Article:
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Verkhnedvinsk is situated at the junction of two rivers near the border of three states. The town with a 700-year history is famous for weavers and cheese-makers.
Verkhnedvinsk is located 175 km away from Vitebsk at the junction of rivers Drissa and Daugava. Vitebsk-Polotsk-Bigosovo-Daugavpils railway line and Vitebsk-Polotsk-Latvian border motorway cross the territory of Verkhnedvinsk District.
The town was first mentioned in chronicles in 1386. It was then called Drissa (Verkhnedvinsk received its present name only in the 20th century).
Favorable geographic position helped Drissa grow into an important trade center.
Numerous hostilities, including the war between the Great Principality of Lithuania and Moscow Principality and the war of 1583-1588 resulted in massive destructions in the town.
Following the first division of Rzech Pospolita in 1772 Drissa became part of the Russian Empire.
In 1812 Drissa District turned into a battlefield for Napoleon army and Russian troops under the command of Barclay de Tolli.
After the construction of Polotsk-Dvinsk railway line in 1866 Drissa became one of the major flax export bases of the country.
The Soviet regime was established in Drissa in 1917.
During WWII Drissa hosted three underground anti-fascist units. In 1994 the town was liberated from fascist invaders by the troops of the 2nd Baltic Front.
The town was renamed in 1962. Today it is known as Verkhnedvinsk.
Drissa was the Motherland of famous Belarusian artist I.Akanazy (19th-20th cent.) who used to co-operation with outstanding Russian artist Ilya Repin. Another famous son of the town is A.Palmbakh known as a scholar and a poet.
The most prominent sights of Verkhnedvinsk are the Cathedral of the Nativity of Virgin Mary (mid-19th cent.), St Nicholas’ Church (1819), an obelisk in honor of the heroes of the Patriotic War (1812) and a pontoon bridge over River Zapadnaya Dvina.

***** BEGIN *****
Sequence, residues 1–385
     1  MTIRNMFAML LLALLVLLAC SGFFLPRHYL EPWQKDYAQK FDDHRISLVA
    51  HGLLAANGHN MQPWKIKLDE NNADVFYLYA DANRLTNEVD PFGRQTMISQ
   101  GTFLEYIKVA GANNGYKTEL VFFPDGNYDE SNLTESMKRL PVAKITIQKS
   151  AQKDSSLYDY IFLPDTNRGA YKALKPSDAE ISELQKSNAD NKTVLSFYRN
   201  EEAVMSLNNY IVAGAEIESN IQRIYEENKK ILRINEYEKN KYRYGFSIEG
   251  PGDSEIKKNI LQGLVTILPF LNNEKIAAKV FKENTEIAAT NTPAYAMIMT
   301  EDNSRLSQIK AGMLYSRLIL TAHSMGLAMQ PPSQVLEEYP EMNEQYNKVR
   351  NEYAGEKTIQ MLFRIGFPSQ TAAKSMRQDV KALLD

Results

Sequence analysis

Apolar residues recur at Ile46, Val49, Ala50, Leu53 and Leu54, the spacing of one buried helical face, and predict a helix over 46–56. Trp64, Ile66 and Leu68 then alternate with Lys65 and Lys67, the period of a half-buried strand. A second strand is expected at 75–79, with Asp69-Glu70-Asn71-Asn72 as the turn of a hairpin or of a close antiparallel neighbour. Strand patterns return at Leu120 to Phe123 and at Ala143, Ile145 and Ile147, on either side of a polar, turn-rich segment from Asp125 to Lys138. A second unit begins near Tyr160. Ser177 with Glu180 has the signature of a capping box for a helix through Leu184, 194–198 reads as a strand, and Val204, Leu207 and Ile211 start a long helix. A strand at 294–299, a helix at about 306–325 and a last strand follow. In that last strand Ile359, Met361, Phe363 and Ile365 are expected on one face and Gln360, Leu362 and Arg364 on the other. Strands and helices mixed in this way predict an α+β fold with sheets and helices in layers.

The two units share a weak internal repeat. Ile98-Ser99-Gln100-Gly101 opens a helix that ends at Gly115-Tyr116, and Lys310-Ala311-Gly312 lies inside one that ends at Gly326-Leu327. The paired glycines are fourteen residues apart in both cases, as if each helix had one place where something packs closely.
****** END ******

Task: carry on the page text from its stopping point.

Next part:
In addition, there is a common grave of frontier guards who perished here during WWII (1939) and a memorial to heroes of the Great Patriotic War.
Verkhnedvinsk lies close to the former Drissa Camp — a military station that was mentioned by Leo Tolstoy in his world famous novel “War and Peace”. The camp hosted the staff of outstanding Russian military commander Barclay de Tolli, one of the heroes of the Patriotic war of 1812.
Verkhnedvinsk annually hosts a festival of young talents called Dvina — Dzvina — Daugava. The festival that takes place on the last weekend of May gathers talented children from Russia, Latvia, Lithuania, Estonia and Poland. A contest of kids’ fashion studios called Siyaniye takes place is traditionally arranged within the framework of the festival.
Tourists may be attracted by the unique history of Verkhnedvinsk, the picturesque landscapes and river valleys, fishing and, of course, the festival of young talents.
A visit to Verkhnedvinsk is part of a 280-km cycling tour called The Wood Paths of Verkhnedvinsk District.
In addition, there is a shorter cycling tour, The Route of Patriots, that also stipulates a stop in Verkhnedvinsk.
Both tours are organized by the Department of Physical Culture, Sport and Tourism of Verkhnedvinsk District Administration.
Other objects from the section «Vitebsk region»